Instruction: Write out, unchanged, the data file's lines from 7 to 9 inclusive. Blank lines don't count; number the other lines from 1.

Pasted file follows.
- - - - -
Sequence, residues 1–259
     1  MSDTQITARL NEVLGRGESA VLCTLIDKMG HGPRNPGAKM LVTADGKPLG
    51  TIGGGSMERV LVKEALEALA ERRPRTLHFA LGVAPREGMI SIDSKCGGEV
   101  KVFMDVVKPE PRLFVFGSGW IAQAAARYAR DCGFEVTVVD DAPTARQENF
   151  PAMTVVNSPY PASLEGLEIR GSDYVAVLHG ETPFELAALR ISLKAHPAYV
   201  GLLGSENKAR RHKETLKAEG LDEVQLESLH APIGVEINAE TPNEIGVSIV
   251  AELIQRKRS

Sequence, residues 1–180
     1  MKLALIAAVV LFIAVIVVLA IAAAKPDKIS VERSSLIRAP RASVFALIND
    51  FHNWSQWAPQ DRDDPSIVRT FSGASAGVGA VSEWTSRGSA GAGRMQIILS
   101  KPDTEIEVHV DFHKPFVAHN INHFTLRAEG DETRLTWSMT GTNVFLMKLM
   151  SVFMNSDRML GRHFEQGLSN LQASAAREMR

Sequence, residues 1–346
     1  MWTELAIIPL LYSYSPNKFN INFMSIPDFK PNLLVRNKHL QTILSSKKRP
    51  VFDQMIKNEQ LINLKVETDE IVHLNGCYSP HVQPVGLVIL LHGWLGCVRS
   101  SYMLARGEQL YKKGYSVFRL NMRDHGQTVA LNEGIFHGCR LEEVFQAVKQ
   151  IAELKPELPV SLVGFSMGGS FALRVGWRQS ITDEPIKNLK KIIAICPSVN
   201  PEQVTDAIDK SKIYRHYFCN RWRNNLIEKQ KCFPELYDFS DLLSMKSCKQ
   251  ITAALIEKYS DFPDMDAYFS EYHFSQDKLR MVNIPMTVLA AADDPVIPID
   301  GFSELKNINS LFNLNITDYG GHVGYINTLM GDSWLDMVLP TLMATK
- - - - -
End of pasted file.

   251  AELIQRKRS

Sequence, residues 1–180
     1  MKLALIAAVV LFIAVIVVLA IAAAKPDKIS VERSSLIRAP RASVFALIND